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Demand for Properties to Stay Strong, Study Says

January 07, 1988|MICHAEL FLAGG | Times Staff Writer

Investors will want to snap up any Orange County malls, many industrial parks and some office buildings in 1988, but few of the juiciest properties will be up for sale.

That's the outlook from real estate brokerage Grubb & Ellis Co., which announced its annual forecast for Orange County commercial real estate Wednesday.

The October stock market crash, which at first gave big real estate investors a bad case of nerves, may now actually push more money from the stock market into safer investments in real estate, Grubb & Ellis said.

The problem in booming markets like Orange County is that few of the best properties will come up for sale this year.

Too Much Money

"It will probably be another case of too much money chasing too few deals," said Michael Randall, an institutional investment specialist with the company.

Here's what investors will be looking for in Orange County in 1988, much of it the same as in 1987:

Regional malls, the "absolute favorite" of institutional investors such as insurance companies and pension funds, will continue to be extremely desirable, Randall said. That's because the county's strong population growth and high-income levels keep the local retail industry especially strong, meaning mall owners can charge lucrative rents.

But developers are expected to hold onto even small, neighborhood shopping centers in the county, according to the forecast.

Though nearly a quarter of the county's office space will remain vacant this year, Grubb & Ellis said it expects investors to be interested in office buildings. Demand for office space remains strong, and it is only the continuing construction that keeps the vacancy rate high.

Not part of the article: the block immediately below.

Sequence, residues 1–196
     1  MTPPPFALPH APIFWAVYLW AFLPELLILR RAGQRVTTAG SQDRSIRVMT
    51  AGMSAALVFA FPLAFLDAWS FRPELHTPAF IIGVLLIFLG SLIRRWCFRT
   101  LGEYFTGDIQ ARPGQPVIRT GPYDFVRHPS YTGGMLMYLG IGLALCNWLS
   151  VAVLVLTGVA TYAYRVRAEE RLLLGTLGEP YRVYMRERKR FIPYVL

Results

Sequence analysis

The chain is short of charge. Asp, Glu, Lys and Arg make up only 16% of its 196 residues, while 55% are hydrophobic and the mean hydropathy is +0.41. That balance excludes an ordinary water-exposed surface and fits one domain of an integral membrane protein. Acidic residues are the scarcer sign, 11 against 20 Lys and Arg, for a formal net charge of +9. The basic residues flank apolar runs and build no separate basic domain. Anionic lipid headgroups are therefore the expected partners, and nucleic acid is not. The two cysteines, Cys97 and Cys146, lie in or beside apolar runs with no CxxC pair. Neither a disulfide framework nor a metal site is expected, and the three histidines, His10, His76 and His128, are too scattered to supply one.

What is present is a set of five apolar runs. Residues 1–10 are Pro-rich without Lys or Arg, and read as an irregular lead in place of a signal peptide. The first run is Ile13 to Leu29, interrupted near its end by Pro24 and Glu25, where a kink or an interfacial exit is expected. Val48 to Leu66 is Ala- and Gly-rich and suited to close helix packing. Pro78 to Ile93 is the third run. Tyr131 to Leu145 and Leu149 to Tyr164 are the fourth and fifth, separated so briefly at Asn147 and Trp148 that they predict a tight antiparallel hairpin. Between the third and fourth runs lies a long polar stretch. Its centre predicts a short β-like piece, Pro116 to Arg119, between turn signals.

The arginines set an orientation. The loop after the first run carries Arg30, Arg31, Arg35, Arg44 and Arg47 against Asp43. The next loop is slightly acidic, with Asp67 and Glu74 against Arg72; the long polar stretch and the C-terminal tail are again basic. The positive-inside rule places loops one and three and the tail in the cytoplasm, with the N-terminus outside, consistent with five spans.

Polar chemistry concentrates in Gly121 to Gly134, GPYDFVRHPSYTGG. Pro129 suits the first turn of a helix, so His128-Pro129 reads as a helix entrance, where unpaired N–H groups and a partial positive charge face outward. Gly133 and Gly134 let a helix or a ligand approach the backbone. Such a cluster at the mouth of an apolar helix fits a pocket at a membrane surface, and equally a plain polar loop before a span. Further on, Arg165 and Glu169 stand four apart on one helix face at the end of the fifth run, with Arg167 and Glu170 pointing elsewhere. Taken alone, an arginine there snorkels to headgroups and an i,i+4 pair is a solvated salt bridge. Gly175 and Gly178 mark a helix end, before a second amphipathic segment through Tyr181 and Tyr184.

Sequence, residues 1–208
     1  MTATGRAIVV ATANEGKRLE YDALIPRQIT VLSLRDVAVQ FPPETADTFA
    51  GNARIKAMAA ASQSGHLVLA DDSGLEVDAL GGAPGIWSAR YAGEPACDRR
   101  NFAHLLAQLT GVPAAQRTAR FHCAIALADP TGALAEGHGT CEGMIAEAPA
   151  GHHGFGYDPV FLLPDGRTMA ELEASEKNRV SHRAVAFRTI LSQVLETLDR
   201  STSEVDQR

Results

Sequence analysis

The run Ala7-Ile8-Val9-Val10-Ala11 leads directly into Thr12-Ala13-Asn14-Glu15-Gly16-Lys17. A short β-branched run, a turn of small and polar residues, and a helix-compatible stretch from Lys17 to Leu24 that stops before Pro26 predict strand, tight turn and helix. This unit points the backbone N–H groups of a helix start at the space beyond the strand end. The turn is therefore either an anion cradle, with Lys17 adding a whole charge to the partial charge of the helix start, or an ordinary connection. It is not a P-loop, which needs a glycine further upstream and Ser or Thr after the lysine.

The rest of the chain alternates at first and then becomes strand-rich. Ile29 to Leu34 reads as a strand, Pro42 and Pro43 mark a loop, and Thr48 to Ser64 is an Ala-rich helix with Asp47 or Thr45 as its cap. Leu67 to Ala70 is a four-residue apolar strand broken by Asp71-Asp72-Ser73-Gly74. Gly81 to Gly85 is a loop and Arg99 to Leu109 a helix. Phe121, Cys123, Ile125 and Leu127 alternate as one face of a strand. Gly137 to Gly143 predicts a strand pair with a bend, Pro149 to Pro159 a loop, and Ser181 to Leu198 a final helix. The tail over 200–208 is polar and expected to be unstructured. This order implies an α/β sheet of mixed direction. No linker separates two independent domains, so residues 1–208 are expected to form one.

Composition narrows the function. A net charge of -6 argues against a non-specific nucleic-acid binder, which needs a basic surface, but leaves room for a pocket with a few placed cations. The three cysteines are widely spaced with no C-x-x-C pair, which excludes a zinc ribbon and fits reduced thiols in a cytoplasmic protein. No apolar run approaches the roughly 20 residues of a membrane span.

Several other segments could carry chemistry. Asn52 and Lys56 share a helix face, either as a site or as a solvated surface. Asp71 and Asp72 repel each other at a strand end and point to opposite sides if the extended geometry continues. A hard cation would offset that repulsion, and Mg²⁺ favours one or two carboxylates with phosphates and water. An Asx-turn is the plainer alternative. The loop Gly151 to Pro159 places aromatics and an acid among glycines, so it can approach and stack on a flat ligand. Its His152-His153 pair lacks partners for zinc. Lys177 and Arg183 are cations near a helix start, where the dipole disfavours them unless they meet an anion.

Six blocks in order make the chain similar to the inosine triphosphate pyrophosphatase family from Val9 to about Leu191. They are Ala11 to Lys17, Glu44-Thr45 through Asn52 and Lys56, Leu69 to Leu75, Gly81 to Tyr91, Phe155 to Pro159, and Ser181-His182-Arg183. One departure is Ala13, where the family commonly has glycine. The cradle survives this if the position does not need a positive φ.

Must Have Tenants

And with many of the best buildings in big downtowns such as Los Angeles and New York having been snapped up, investors will increasingly look to the smaller buildings in the suburbs. While they will continue to want the biggest, fanciest buildings, even in the suburbs, investors will look at smaller buildings on one important condition: that they have tenants.

Many of those buyers will likely be Japanese, according to the forecast. Five of the last six big office buildings sold in Orange County were bought by the Japanese, who often pay extremely high prices, according to Randall.

"We've seen some ridiculous prices paid for office properties nationwide recently," he said.

And finally, plain old factories will also do well this year. While office vacancy rates pushed office rents down, rent for factories in parts of the county climbed last year. And since there's not much land left in the county that's zoned for factories, overbuilding probably won't be much of a problem.

RETAIL SPACE IN ORANGE COUNTY Square feet in thousands for all retail centers in Orange County with more than 50,000 square feet.

*Expansion/ New Development Renovation Leasable Constr. Constr. Constr. Constr. Area 1987 1988 1987 1988 Greater Airport 7,112 335 805 367 0 South County 7,992 466 770 0 0 Central County 10,080 96 555 1,244 105 North County 10,866 295 684 35 0 West County 13,873 630 793 200 222 Total 49,923 1,822 3,607 1,846 327

* Expansion square footage only

Source: Grubb & Ellis Research Services Group

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